Likely 2020 hopefuls weigh in on reports Trump administration mulling shift on transgender recognition

President Trump appeared to confirm that the administration is mulling the move.

Senators who are potential Democratic presidential candidates were quick to weigh in on a New York Times report that the Trump administration is contemplating changing federal policy to narrowly define gender – a move that could gut a number of federal protections for transgender people.

The New York Times reported Sunday that, according to a memo obtained by the newspaper, the Department of Health and Human Services was working to limit the term “gender” to either male or female, unchangeable and determined by a person’s genitals at birth.

ABC News has not seen the memo.

Several possible 2020 candidates quickly condemned the policy shift before Trump confirmed it.

“The Trump administration is trying to make discrimination more available all across the country,” Sen. Elizabeth Warren, D-Mass., said in an videotaped statement during an event in her home state. “This is just fundamentally wrong. It is not who we are as a country. It does not reflect our best values and I will fight them on this. I will fight for anti-discrimination provisions,” she said.

Sen. Bernie Sanders, D-Vt., who ran for president in 2016 and has been an active campaigner for midterm candidates this cycle, expressed a similar sentiment.

“At a time when we should be doing everything we can to protect our transgender brothers and sisters, Trump and his administration are trying to exclude transgender people from civil rights protections,” he said in a statement. “Trump and his Republican friends must be held responsible for their discrimination and the pain they have caused. We are going to vote them out.”

Warren and Sanders both sit on the Senate Health, Education, Labor and Pensions committee, which could exercise its role overseeing measures related to health, education and public welfare, all of which could be affected by a federal attempt to more narrowly define gender than the past administration.

Others, such as Sen. Patty Murray, D-Wash., the top Democrat on the HELP committee, released a tweet expressing solidarity with the transgender community.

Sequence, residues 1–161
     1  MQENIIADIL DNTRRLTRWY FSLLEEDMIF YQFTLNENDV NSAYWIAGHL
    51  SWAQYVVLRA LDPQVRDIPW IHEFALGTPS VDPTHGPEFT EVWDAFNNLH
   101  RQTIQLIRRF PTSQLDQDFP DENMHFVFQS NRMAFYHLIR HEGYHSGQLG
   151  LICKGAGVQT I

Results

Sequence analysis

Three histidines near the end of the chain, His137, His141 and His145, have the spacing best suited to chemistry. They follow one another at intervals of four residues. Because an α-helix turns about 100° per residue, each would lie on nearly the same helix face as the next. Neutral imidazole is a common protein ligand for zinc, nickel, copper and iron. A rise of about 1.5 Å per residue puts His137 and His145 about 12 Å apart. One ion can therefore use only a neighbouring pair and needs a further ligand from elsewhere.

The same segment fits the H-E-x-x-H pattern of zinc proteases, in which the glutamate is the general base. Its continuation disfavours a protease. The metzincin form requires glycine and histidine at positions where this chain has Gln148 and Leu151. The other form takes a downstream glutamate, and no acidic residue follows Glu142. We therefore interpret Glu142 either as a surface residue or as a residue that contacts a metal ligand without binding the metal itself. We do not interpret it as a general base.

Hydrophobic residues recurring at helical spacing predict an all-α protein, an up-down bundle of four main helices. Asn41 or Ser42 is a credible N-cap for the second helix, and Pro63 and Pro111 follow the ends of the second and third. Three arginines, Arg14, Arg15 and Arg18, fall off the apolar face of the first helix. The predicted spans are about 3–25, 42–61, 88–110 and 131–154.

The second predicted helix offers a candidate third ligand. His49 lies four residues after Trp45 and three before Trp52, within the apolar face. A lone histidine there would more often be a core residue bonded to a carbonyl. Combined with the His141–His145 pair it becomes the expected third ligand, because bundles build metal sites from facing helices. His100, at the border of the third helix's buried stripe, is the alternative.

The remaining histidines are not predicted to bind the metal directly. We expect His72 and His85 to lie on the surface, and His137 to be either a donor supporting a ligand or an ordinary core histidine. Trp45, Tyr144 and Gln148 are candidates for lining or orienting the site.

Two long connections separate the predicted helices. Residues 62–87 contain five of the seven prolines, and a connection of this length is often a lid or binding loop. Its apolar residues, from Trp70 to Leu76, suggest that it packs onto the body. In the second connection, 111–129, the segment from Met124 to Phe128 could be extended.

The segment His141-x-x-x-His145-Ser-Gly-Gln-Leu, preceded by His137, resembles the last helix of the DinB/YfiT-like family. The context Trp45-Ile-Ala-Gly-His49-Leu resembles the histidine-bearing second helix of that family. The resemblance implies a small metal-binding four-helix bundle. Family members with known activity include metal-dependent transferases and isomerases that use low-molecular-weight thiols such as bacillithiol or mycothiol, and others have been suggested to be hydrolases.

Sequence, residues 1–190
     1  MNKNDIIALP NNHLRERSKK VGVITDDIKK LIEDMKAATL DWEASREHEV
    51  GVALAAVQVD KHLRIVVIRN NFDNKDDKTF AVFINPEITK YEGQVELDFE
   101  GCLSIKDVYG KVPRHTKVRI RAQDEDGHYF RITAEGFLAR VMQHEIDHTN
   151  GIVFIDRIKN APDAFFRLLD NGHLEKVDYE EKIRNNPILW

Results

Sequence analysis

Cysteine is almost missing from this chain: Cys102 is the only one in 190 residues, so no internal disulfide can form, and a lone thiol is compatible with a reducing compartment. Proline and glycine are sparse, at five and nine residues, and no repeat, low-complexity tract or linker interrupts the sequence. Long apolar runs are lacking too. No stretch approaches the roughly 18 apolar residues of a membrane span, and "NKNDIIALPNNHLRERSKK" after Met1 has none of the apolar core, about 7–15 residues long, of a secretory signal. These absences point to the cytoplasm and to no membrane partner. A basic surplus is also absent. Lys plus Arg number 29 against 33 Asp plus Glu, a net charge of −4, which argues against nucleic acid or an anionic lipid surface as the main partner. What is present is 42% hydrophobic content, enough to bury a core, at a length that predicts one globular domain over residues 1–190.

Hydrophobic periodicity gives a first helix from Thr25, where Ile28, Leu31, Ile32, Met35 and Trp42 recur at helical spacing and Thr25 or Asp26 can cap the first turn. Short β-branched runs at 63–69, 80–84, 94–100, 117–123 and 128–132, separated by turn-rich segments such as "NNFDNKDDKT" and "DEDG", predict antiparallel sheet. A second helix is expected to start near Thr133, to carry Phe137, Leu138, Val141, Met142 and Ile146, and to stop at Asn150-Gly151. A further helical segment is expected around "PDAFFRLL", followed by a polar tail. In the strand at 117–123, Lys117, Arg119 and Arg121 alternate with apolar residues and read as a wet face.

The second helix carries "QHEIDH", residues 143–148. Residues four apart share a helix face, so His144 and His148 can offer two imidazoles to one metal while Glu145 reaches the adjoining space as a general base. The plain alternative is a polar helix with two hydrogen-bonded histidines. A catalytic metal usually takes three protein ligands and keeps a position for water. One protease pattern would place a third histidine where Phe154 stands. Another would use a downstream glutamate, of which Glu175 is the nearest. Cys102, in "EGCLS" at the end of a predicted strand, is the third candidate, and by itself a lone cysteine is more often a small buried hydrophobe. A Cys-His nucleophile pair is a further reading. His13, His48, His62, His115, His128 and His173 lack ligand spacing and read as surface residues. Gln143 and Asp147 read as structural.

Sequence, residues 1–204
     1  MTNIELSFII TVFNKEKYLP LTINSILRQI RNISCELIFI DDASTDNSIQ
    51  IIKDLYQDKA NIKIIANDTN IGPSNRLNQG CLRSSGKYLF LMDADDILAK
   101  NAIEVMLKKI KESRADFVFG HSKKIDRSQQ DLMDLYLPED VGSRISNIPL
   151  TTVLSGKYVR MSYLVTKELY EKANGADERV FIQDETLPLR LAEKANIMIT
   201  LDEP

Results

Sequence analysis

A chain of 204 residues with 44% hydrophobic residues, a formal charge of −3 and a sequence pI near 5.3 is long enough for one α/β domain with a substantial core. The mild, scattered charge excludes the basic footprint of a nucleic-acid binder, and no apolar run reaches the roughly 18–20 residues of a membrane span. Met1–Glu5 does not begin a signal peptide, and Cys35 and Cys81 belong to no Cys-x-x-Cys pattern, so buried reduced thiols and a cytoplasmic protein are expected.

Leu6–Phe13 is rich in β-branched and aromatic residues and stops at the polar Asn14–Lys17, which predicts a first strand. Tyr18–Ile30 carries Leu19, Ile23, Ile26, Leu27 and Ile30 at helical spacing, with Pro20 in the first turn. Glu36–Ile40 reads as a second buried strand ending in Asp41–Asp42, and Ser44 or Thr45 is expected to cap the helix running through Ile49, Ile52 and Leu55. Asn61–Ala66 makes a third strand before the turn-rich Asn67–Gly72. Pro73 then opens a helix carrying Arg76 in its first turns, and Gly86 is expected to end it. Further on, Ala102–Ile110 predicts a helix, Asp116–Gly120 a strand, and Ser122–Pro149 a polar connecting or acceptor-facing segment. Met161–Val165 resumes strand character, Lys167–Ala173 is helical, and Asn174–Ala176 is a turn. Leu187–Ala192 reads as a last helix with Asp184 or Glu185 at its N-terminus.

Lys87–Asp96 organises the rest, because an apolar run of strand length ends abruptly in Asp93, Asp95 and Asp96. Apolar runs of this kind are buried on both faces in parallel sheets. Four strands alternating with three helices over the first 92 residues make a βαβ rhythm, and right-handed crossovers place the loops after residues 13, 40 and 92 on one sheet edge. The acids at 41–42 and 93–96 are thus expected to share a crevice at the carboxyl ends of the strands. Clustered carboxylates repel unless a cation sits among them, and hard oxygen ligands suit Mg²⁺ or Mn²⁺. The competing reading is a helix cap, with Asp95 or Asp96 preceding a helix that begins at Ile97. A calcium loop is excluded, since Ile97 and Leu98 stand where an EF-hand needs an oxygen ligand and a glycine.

The White House did not brief the HELP committee before the New York Times report came out, a Murray aide said.

Another member of the HELP Committee recommended an existing legislative recourse to address the administration's planned policy shift.

Sen. Tammy Baldwin, D-Wisc., the first openly gay person elected to the Senate, said Congress should pass her bill, the Equality Act, co-sponsored in the Senate by Sens. Jeff Merkley, D-Ore., and Cory Booker, D-N.J. The Equality Act would provide consistent federal protections for people based on sexual orientation and gender identity, two criteria which currently are not protected under existing federal non-discrimination law.

"This is another reason why Congress needs to take action and pass the Equality Act. We cannot allow the Trump Administration to erase transgender people from federal civil rights protections," Baldwin said.

The reports also spurred strong responses from the larger LGBT community, and about 100 people or so participated in a protest sponsored by the National Center for Transgender Rights in Washington D.C. Monday afternoon.

Before Trump himself weighed in, the White House referred comments to HHS, whose spokesperson Caitlin Oakley noted that a 2016 federal court ruling found that the Obama administration had gone beyond federal statute in its own recognition of gender which went beyond a binary designation.

“That court found that the Obama administration regulation was overbroad and inconsistent with the text of the 1972 Title IX law prohibiting discrimination on the basis of sex. The court order remains in full force and effect today and HHS is bound by it as we continue to review the issue,” Oakley’s statement read in part.

Sens. Kamala Harris, D-Calif., and Kirsten Gillibrand, D-N.Y., also tweeted their initial disapproval of the new policy without delving into specifics about how they might take congressional action to challenge the policies.